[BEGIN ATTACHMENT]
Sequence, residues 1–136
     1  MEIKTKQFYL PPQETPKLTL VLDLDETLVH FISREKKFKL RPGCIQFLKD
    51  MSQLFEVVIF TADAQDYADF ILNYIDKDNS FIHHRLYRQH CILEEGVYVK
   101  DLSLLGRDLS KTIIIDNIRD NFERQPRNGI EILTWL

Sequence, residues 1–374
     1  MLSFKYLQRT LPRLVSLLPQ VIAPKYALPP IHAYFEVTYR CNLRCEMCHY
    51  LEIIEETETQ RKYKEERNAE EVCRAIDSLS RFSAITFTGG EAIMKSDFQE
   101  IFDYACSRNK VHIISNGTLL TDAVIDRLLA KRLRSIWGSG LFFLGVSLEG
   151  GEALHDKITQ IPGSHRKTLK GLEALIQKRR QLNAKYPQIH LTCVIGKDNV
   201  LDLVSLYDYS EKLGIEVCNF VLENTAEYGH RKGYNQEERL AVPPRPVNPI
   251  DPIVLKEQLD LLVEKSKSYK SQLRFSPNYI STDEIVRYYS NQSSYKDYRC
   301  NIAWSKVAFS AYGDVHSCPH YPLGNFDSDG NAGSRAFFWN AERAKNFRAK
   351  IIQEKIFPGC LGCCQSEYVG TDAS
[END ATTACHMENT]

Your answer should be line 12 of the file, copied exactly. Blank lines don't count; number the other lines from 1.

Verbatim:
   301  NIAWSKVAFS AYGDVHSCPH YPLGNFDSDG NAGSRAFFWN AERAKNFRAK